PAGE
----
The effect of muscle flap transposition to the fracture site on TNFalpha levels during fracture healing.
The trauma and sepsis that follow open fractures and wounds may lead to the production of various cytokines. Understanding wound healing requires a direct knowledge of the specific cytokines and the respective wound fluid levels that are present at the wound site. An animal model was designed that mimics the open fracture and the clinical repair of the human, high-energy open fracture. Canine right tibiae were fractured with a penetrating, captive-bolt device, then repaired in a standard clinical fashion using an interlocking intramedullary nail. Before primary wound closure, microdialysis probes were placed at the fracture site and in a muscle located at a contralateral site. Canines received one of the following experimental protocols: (1) tibial fracture (n = 5); (2) tibial fracture plus Staphylococcus aureus inoculation at the fracture site (n = 5); and (3) tibial fracture, S. aureus inoculation, and a rotational gastrocnemius muscle flap (n = 5). Microdialysis fluid samples were collected intermittently for 7 days. Tumor necrosis factor alpha (TNFalpha) levels at the fracture site were significantly elevated 3 to 34-fold (p<0.02), as compared with respective serum levels at all time points for all treatment groups. Fracture site TNFalpha levels were elevated (p<0.02) in days 1 through 6, as compared with the baseline and contralateral in all treatment groups. At days 1 through 6, the TNFalpha levels of the muscle flap group fracture site were significantly decreased by approximately 50 percent (p<0.05), as compared with the fractures without muscle flaps and regardless of additional S. aureus inoculation. On day 7, fracture site TNFalpha levels in all animal groups were similar, yet remained well above those of baseline TNFalpha. These results demonstrate that S. aureus does not further elevate TNFalpha levels in the presence of an open fracture and that a muscle flap reduces pro-inflammatory TNFalpha levels during early wound healing. This experimental model allows for the characterization of specific biological signals and cellular pathways that are influenced by bacterial infection and surgical closure. These data provide a scientific framework on which to judge or validate therapeutic regimens for open-fracture wound healing.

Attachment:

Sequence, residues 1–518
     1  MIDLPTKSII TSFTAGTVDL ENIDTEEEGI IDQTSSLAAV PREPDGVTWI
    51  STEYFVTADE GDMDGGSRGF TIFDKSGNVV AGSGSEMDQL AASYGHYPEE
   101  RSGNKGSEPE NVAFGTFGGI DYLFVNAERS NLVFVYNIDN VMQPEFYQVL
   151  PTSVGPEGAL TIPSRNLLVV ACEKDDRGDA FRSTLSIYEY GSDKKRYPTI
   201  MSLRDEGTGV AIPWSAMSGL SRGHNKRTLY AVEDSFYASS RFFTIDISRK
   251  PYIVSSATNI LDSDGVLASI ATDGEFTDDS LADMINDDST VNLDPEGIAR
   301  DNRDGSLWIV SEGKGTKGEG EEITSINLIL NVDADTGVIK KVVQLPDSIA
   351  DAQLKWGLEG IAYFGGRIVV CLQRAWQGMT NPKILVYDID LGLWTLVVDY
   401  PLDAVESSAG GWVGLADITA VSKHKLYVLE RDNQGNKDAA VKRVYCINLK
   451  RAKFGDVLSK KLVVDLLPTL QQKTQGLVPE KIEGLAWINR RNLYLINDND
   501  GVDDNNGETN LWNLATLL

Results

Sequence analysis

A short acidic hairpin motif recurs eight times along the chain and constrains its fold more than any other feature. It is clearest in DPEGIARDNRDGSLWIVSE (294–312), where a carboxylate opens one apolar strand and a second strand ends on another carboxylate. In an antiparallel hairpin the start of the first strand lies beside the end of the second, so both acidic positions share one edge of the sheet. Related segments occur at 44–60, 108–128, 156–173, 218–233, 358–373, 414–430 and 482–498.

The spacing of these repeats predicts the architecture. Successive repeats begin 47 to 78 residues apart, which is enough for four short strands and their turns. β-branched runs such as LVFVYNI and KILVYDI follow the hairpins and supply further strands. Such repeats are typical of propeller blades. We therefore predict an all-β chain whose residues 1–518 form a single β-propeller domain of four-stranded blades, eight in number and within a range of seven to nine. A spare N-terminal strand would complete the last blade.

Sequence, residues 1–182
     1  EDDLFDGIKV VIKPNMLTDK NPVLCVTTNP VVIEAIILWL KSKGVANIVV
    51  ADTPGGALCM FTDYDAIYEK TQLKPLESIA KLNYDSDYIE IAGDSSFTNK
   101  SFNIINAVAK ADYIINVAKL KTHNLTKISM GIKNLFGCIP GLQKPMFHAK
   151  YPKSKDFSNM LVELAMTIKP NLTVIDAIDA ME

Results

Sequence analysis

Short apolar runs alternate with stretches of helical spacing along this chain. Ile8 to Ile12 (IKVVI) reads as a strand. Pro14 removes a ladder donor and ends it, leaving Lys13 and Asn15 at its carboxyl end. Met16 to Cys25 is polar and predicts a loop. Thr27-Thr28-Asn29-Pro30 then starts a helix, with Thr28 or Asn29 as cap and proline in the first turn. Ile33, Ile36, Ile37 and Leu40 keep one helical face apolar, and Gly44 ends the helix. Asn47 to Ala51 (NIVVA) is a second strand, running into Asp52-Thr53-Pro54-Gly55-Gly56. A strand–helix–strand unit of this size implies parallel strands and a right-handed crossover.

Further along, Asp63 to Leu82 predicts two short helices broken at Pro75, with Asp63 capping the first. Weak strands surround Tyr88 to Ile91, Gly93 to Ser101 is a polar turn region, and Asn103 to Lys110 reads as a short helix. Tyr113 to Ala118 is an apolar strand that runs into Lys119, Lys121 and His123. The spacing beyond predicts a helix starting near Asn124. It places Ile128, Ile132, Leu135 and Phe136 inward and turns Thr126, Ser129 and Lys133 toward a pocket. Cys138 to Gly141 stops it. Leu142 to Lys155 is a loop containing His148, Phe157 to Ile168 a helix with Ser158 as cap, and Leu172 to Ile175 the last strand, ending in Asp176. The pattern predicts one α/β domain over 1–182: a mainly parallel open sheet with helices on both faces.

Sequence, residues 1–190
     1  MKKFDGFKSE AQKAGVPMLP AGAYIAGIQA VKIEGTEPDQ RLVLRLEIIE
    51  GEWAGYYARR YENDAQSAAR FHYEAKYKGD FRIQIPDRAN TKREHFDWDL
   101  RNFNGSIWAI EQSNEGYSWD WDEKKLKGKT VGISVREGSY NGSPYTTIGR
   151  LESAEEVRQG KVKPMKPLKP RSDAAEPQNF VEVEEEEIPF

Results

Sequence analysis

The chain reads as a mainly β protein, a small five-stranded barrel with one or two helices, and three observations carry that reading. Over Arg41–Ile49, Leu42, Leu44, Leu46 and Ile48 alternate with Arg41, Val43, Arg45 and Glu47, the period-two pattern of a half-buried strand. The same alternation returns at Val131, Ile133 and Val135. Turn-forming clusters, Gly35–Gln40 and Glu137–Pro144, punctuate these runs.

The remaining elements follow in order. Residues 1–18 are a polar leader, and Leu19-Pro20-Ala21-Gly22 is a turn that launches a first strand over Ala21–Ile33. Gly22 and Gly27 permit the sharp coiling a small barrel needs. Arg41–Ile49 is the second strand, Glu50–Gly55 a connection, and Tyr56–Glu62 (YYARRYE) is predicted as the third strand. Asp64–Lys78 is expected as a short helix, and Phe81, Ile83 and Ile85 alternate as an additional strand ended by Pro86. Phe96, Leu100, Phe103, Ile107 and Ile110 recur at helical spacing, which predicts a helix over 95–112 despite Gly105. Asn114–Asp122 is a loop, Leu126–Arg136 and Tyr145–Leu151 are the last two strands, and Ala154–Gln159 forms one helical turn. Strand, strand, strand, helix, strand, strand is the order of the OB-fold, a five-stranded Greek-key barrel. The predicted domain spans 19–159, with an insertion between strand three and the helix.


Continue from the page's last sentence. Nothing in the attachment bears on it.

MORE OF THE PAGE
Brown, SA; Mayberry, AJ; Mathy, JA; Phillips, TM; Klitzman, B; Levin, LS
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